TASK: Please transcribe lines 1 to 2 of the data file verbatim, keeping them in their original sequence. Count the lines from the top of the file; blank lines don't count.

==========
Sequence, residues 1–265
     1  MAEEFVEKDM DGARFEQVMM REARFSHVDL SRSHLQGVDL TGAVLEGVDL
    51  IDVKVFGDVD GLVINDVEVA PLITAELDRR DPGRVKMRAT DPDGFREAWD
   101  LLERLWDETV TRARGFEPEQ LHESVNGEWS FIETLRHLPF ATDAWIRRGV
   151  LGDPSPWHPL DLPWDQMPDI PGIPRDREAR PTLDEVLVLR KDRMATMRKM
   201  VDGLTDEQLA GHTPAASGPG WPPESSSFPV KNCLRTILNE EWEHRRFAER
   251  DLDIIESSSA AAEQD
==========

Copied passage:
Sequence, residues 1–265
     1  MAEEFVEKDM DGARFEQVMM REARFSHVDL SRSHLQGVDL TGAVLEGVDL